The Preposterous Predicament of Polly Peel (Act 1) by The Polly Peel Collective at the Toronto Fringe Festival has been on many “Don’t Miss at Fringe” lists. With book by Julie Tepperman and music and lyrics by Kevin Wong, this play was the winner of the Paul O’ Sullivan Prize for Musical Theatre. Well, in my opinion, it definitely delivers on the high expectations. It’s got a great story, great music, and great performances.Polly Peel (Hannah Levinson) is a precocious 11-year-old girl who loves nothing more than gathering nature specimens in the ravine and conducting experiments with her dad Paul (Troy Adams). When Paul dies unexpectedly, Polly, along with her mom Pauline (Jessica Sherman) and teenage sister Paula (Faly Mevamanana) must confront their grief. They are all having a hard time with it.
Polly engages is some magical thinking and believes her father’s spirit has been transferred into a frog she has captured. Now she just has to use her scientific skills to figure out how to get his soul back into his body (which has been donated to the university for scientific research). It’s both heartbreaking and hysterically funny. I alternated between tears of laughter and tears of sadness throughout the show.
The cast features many actors who have performed with major theatre companies in Toronto and beyond, and they were uniformly excellent. Levinson, in the title role, delivers a mature, vulnerable and spunky performance. She has powerful voice and great stage presence that belies her youth and small stature. Sherman, as Pauline, conveys real emotion as a mother who is trying to hold her family together but doesn’t quite know how. I could feel her tension and her bewilderment. I also really liked Ben Page as Arlo, a teenage counselor in training at a “grief camp” Polly and her sister attend. He perfectly captures the goofy enthusiasm and awkwardness of the best camp counselors.
For me, the mark of a good musical is if you keep humming the songs after the show. And I am definitely still humming. Every scene and every number was memorable. I particularly loved how the opening was staged with pillows and blankets held up behind and over the upright actors to make it look like they were in bed. My favourite scene was Polly and her dad dissecting a frog in their basement lab. I never imagined biology could inspire such joy or such funky dance moves.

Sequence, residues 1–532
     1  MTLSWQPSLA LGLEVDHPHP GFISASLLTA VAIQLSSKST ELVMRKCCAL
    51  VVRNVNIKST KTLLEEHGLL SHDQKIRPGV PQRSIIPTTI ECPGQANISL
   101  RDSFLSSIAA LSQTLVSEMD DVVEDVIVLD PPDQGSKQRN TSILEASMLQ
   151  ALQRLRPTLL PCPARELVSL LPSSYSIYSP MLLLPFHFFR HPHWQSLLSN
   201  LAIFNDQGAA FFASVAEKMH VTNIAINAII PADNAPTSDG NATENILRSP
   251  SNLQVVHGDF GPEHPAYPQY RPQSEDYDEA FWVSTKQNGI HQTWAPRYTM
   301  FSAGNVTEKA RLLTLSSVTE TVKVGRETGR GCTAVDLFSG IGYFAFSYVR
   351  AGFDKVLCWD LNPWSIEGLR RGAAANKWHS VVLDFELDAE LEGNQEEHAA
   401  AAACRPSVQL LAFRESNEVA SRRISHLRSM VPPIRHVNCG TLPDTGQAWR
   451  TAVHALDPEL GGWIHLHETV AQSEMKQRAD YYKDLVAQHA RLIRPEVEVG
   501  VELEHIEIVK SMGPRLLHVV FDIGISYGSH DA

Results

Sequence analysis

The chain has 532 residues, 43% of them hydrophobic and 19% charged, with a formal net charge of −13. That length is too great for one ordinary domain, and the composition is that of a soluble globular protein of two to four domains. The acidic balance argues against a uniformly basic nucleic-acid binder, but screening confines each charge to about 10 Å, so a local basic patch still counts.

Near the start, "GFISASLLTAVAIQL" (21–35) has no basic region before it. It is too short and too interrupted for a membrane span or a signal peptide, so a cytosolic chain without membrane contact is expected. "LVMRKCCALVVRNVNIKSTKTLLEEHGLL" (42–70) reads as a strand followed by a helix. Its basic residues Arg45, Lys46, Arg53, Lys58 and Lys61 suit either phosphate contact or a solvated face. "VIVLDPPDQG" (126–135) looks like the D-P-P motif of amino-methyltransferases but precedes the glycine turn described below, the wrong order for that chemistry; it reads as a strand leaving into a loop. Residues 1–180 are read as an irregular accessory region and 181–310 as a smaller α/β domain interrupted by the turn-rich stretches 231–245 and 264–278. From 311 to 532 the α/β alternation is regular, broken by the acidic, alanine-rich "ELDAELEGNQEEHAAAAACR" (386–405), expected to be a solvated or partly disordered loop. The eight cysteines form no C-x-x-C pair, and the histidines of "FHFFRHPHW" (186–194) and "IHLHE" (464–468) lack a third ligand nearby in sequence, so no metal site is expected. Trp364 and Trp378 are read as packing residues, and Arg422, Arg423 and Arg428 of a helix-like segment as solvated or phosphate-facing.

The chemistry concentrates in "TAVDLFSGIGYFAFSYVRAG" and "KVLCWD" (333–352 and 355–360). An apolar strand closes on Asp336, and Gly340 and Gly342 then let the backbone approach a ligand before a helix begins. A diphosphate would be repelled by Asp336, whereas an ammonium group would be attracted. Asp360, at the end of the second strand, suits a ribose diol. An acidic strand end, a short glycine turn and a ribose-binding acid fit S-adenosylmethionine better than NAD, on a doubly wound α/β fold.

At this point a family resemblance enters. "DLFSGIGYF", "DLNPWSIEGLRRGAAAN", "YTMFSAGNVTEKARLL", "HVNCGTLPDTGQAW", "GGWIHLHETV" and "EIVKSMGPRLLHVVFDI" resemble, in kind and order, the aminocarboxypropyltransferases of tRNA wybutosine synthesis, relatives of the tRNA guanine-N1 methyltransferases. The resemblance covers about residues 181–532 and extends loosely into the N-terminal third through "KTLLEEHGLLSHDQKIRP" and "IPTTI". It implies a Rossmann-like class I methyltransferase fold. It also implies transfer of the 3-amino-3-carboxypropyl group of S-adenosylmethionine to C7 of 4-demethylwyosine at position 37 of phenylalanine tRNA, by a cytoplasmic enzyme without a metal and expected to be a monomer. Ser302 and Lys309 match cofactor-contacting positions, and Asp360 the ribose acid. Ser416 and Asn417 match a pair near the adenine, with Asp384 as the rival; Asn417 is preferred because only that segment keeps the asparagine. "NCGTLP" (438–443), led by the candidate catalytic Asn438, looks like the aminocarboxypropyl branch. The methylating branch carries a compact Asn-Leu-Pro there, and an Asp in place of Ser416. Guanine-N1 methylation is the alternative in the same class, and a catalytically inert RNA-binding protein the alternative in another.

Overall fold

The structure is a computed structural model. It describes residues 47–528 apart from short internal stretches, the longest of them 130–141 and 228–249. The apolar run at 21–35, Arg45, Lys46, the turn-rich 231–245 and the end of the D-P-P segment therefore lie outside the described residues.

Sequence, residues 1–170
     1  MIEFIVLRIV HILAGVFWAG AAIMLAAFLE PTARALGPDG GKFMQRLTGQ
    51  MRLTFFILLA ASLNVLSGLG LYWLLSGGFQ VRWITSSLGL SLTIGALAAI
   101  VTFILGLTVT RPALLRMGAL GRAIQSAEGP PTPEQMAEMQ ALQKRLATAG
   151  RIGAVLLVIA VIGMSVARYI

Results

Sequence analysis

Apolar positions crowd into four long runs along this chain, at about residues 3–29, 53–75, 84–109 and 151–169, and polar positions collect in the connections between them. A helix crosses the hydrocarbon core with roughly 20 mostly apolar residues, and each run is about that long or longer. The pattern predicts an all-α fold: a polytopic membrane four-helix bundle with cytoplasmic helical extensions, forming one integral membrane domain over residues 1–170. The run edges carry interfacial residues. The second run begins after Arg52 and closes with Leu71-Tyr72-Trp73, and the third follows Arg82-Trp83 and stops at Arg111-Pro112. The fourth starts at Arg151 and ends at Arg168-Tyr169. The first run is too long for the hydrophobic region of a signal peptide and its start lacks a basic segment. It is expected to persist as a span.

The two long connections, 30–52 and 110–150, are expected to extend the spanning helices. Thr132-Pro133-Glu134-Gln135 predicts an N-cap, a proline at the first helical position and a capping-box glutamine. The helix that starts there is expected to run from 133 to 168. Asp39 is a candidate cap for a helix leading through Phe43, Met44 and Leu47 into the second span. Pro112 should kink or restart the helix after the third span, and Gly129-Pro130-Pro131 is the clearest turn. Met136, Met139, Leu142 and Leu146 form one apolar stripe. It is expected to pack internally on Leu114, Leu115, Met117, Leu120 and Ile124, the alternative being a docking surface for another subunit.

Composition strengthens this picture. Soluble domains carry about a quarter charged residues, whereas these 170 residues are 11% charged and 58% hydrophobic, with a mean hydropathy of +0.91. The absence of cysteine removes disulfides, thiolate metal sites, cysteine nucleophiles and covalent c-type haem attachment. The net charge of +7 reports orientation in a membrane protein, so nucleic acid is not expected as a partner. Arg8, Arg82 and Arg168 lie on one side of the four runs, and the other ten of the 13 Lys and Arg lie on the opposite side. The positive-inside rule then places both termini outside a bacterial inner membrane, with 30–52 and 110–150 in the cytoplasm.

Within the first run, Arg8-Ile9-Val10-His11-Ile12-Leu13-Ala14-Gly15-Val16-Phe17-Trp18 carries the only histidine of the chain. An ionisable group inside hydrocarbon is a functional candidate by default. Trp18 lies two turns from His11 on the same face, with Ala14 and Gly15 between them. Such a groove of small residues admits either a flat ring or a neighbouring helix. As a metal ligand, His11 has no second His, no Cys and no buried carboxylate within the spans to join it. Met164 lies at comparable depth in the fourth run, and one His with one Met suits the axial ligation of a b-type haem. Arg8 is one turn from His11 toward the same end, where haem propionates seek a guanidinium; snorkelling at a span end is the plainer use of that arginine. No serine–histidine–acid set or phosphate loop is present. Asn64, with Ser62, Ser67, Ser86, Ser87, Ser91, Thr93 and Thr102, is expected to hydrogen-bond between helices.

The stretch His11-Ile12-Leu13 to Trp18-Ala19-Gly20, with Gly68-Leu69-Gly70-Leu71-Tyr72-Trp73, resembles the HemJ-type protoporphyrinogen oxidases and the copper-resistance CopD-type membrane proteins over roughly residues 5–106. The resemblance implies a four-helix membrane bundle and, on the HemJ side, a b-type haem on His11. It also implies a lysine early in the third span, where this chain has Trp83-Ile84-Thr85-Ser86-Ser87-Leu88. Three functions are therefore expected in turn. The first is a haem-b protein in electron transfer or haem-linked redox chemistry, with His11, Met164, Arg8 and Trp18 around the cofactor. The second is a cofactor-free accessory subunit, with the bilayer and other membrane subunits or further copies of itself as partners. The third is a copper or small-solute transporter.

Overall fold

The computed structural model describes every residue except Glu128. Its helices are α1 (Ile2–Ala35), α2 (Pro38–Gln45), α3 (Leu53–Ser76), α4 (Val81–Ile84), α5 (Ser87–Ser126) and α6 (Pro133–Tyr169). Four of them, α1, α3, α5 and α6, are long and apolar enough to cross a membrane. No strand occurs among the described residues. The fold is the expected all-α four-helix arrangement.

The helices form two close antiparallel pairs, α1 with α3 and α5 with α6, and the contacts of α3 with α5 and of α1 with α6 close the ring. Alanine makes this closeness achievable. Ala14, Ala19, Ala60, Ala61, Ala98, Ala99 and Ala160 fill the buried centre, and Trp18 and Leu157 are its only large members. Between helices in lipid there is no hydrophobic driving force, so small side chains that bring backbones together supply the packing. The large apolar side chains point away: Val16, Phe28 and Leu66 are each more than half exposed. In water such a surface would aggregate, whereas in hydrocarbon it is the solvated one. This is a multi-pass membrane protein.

Although it’s only the first draft of what will eventually be a full two-act musical, The Preposterous Predicament of Polly Peel is more fully developed and more professionally produced than many of the shows presented at Fringe. There’s a big team involved, and it definitely shows. It’s a real bargain at $13 a ticket.
I have a strong feeling that we will be hearing a lot more about The Preposterous Predicament of Polly Peel in the future. Go see it now, so that when this new musical hits the big time, you can say you were in on the ground floor. I can’t wait for Act Two.
- The Preposterous Predicament of Polly Peel plays at the Tarragon Theatre Mainspace. (30 Bridgman Ave.)
- Tickets are $13, including a $2 service charge. The festival also offers a range of money-saving passes and discounts for serious Fringers.
- Tickets can be purchased online, by telephone (416-966-1062), from the Festival Box Office at Scadding Court (707 Dundas St. W.), and — if any remain — from the venue’s box office starting one hour before curtain.
- Content Warning: Mature language.
- This venue is barrier-free. Designated accessible seating is in the middle of the auditorium.
- Be aware that Fringe performances always start exactly on time, and that latecomers are never admitted.
- Thursday July 5th, 8:15 pm
- Saturday July 7th, 5:15 pm
- Monday July 9th, 1:00 pm
- Tuesday July 10th, 10:00 pm
- Wednesday July 11th, 7:00 pm
- Friday July 13th, 3:30 pm
- Sunday July 15th, 5:15 pm
Photo of Hannah Levinson by Sam Gaetz